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N-deal Slows Down,
as Pakistan Turmoil Worries India
|by Manish Chand|
It was a contentious year for Indian diplomacy as a politically divisive debate threatened to swamp its seminal nuclear deal with the US and the peace process with Pakistan slowed down due to unrest in that country that at the yearend was a grave concern not only to India but to the entire region.
Although domestic political opposition slowed down the process of operationalising the nuclear deal, the most ambitious foreign policy initiative of the Manmohan Singh government, it did not prevent the country from deepening its relations with other leading global players, including the US, Russia, China, Japan and the 27-nation European Union.
The nuclear deal, which aimed at the resumption of global civil nuclear commerce after a hiatus of three decades, consistently dominated headlines through the year and almost threatened to bring down the government with its Leftist allies ominously warning the ruling coalition to either stop the deal mid-way or face early elections.
India's chief opposition, the Bharatiya Janata Party (BJP), ironically joined hands with the Left, proclaimed antagonists of "American imperialism", to ensure that the deal dies a natural death.
As politics overshadowed the nuclear debate, it was the context of the India-US strategic relationship and not the text of the 123 India-US civil nuclear agreement finalised in July that came to dominate the discourse.
As the year ends, the government is in the middle of its negotiations with the International Atomic Energy Agency (IAEA) to conclude a safeguards pact - a key step before the 45-nation Nuclear Suppliers Group considers changing its guidelines to favour nuclear commerce with New Delhi.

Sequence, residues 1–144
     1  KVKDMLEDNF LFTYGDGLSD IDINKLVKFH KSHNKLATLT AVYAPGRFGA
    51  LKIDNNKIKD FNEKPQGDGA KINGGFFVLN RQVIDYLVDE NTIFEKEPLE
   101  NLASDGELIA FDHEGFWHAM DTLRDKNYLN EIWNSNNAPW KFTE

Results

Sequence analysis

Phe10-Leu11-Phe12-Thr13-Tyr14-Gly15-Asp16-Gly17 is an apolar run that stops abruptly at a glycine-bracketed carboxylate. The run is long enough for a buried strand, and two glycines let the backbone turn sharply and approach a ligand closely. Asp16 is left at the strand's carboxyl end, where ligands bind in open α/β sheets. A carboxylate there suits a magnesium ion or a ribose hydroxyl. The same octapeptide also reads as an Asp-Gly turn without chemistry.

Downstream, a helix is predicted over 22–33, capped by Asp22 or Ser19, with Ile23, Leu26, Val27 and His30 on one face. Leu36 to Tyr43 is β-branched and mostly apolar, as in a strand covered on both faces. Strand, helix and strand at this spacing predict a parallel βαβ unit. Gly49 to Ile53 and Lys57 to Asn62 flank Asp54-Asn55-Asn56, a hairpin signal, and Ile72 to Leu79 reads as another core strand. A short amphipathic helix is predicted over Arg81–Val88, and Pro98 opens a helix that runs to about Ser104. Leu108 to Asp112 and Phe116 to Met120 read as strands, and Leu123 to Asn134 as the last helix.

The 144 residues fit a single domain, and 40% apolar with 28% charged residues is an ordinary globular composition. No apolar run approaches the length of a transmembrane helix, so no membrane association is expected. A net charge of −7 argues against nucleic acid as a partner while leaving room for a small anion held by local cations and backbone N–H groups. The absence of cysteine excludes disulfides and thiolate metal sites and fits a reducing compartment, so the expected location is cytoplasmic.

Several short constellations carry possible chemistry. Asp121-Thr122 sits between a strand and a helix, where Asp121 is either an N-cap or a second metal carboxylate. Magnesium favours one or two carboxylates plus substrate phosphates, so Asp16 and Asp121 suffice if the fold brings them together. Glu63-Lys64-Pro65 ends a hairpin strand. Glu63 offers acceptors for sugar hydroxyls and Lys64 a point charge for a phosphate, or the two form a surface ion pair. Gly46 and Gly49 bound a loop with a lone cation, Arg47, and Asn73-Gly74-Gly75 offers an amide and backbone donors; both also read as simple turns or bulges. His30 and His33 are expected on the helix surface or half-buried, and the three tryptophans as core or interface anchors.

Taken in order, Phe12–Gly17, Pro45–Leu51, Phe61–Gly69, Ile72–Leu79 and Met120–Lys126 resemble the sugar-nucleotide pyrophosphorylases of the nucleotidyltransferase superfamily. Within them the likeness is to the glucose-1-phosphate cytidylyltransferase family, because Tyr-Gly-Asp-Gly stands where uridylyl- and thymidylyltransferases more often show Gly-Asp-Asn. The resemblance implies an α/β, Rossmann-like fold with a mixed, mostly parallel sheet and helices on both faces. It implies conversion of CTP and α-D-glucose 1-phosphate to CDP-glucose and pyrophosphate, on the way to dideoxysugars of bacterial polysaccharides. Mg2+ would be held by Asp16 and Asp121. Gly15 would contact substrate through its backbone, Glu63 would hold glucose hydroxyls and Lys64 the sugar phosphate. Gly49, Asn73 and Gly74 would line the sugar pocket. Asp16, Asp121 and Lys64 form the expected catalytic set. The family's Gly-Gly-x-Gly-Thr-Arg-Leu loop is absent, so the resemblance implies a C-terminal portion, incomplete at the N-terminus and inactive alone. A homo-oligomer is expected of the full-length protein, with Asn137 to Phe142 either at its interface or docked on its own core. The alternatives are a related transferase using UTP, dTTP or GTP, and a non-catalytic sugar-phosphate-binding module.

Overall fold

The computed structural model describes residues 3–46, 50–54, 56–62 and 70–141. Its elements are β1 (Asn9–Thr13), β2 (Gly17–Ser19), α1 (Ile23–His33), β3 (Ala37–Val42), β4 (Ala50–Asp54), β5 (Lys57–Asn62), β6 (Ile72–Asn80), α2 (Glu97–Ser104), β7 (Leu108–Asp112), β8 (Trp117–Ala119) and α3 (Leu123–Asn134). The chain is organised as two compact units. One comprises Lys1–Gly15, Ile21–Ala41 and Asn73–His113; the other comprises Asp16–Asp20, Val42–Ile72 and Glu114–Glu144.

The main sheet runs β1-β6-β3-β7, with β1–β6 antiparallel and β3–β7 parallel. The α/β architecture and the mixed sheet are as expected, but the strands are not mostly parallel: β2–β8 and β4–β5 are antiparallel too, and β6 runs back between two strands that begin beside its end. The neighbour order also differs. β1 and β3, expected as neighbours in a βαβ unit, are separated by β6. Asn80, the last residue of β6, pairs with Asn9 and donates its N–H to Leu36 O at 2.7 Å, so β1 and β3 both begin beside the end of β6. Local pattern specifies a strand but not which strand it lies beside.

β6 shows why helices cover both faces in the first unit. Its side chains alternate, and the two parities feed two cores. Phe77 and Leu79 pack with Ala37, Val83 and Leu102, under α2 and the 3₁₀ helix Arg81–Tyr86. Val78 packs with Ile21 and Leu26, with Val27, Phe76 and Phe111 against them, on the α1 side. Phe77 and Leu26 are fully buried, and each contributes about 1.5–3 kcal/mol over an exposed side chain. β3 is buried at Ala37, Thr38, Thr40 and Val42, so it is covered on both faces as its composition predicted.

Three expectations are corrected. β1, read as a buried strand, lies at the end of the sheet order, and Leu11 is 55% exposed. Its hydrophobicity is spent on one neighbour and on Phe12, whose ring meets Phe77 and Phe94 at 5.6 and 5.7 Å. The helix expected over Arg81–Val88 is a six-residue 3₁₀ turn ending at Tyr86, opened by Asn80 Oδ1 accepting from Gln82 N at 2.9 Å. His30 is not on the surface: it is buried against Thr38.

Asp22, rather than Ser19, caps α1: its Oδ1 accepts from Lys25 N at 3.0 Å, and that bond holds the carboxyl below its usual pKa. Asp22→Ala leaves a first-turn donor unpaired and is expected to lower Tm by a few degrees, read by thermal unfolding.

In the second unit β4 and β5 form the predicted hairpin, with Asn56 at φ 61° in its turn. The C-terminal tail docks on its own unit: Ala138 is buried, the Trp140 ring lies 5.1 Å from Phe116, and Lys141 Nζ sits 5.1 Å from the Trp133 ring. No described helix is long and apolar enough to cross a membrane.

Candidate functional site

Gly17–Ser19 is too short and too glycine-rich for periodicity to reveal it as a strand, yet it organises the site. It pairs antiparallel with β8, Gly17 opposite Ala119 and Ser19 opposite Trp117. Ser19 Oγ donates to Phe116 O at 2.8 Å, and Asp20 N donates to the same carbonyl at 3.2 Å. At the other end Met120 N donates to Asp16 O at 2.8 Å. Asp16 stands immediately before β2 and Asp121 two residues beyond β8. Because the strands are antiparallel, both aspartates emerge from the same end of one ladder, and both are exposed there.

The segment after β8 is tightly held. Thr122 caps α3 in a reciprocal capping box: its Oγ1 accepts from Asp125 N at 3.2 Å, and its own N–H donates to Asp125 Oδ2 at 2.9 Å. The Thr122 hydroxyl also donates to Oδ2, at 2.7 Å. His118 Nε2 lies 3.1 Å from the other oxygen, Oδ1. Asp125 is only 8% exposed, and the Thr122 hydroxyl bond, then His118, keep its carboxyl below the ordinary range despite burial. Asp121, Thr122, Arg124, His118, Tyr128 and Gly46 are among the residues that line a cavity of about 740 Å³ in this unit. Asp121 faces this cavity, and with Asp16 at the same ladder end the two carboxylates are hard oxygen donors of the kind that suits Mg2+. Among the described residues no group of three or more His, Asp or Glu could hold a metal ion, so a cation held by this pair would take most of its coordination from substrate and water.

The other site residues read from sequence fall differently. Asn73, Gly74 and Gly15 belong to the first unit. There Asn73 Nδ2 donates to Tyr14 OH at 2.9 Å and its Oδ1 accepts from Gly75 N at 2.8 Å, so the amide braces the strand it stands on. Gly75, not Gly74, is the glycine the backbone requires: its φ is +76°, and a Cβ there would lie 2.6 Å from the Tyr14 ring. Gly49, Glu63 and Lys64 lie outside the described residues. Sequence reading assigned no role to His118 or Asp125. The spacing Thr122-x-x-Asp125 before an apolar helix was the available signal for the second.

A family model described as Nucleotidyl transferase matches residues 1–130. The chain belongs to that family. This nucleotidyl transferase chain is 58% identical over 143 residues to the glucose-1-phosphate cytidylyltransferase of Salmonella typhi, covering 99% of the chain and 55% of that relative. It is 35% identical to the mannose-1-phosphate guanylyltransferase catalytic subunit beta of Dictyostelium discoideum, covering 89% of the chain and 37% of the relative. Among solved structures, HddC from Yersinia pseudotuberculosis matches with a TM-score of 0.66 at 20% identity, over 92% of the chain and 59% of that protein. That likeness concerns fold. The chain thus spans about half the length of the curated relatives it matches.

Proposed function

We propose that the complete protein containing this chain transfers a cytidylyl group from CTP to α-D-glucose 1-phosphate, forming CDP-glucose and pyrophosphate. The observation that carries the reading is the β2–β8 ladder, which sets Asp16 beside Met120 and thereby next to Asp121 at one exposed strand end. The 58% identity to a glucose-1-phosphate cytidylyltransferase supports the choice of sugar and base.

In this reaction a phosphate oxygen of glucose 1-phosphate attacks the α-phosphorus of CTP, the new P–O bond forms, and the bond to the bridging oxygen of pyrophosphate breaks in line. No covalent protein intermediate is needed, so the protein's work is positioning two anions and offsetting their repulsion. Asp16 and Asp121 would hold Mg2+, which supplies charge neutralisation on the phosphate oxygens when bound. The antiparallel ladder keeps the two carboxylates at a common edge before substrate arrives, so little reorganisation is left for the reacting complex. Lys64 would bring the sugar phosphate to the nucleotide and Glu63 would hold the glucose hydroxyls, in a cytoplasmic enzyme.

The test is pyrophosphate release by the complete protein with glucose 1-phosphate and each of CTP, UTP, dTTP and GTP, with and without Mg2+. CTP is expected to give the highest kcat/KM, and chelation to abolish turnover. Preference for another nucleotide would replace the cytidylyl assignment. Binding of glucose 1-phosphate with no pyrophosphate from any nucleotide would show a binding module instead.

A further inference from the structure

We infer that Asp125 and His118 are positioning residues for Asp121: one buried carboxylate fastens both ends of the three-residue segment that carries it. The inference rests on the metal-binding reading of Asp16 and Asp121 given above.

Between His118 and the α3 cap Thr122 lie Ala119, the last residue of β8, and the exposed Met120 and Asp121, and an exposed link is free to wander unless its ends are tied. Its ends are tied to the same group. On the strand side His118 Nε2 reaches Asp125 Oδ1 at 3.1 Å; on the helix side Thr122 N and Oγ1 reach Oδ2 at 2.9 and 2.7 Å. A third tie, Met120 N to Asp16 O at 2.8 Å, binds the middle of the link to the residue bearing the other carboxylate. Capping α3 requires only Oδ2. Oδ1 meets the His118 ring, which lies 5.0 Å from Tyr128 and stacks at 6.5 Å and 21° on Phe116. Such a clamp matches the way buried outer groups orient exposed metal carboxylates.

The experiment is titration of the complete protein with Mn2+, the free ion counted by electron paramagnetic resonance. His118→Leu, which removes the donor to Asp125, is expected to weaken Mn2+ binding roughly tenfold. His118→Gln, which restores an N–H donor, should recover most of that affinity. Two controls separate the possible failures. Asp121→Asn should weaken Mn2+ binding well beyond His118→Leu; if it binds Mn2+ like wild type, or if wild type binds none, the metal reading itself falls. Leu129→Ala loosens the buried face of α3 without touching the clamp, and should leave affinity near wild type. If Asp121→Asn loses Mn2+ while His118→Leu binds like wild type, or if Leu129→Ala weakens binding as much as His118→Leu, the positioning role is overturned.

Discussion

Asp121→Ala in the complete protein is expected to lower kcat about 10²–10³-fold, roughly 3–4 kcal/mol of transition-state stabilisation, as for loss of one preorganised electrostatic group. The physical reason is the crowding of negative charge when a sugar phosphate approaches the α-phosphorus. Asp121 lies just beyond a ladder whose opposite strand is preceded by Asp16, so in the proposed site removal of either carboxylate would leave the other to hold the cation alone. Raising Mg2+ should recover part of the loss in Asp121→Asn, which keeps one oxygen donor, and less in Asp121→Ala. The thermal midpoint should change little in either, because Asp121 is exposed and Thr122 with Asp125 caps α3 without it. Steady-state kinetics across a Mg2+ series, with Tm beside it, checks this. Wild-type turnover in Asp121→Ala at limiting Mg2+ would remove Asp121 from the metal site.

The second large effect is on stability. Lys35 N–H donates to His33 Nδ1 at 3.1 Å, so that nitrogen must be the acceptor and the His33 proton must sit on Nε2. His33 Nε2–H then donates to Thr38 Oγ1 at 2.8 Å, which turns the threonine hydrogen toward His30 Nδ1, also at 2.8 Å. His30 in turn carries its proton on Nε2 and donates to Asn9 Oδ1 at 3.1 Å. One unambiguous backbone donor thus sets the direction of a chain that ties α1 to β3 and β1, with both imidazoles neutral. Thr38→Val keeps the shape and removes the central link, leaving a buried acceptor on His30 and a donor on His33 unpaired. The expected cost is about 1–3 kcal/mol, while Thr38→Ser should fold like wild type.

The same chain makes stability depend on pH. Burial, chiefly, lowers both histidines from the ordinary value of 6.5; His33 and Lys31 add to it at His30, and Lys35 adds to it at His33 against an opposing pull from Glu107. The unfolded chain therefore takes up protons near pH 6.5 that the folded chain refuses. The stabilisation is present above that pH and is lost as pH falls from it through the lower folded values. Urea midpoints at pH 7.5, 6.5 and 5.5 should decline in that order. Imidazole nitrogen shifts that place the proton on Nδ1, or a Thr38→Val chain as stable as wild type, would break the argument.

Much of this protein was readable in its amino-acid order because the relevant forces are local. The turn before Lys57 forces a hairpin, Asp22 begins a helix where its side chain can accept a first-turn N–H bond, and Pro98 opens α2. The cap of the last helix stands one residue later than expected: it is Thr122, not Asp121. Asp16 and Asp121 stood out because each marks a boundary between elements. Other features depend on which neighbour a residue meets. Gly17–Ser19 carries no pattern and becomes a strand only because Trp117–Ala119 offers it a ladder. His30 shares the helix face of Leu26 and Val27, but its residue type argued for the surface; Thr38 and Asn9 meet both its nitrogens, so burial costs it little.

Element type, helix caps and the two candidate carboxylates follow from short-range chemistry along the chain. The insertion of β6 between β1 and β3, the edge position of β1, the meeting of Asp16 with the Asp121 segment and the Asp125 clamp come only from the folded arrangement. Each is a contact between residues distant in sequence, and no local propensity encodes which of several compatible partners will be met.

Time is at a premium as the 123 agreement, after the IAEA pact and NSG's change in guidelines, has to be endorsed by the US Congress which is likely to be swamped by election fever by the middle of next year.
Amid leftwing criticism that the country's much-vaunted non-aligned foreign policy was taking a pro-US tilt, Manmohan Singh's visit to Russia in November sought to reaffirm the continuing vitality of traditional ties as the two countries signed a landmark deal on joint unmanned lunar exploration and signed deals to resolve decades-old wrangling over rupee-rouble trade and to build a cutting-edge fighter jet.
The India-EU summit Nov 30 and visits by German chancellor Angela Merkel and the then Japanese prime minister Shinzo Abe to India also reflected India's efforts to deepen ties with all major power centres of the world.
India's immediate neighbourhood, however, was hardly a cause for much cheer. India's peace process with Pakistan languished due to political turmoil and intermittent violence in the neighbouring country with a cautious New Delhi guarded in its responses so as not to upset the existing diplomatic equilibrium.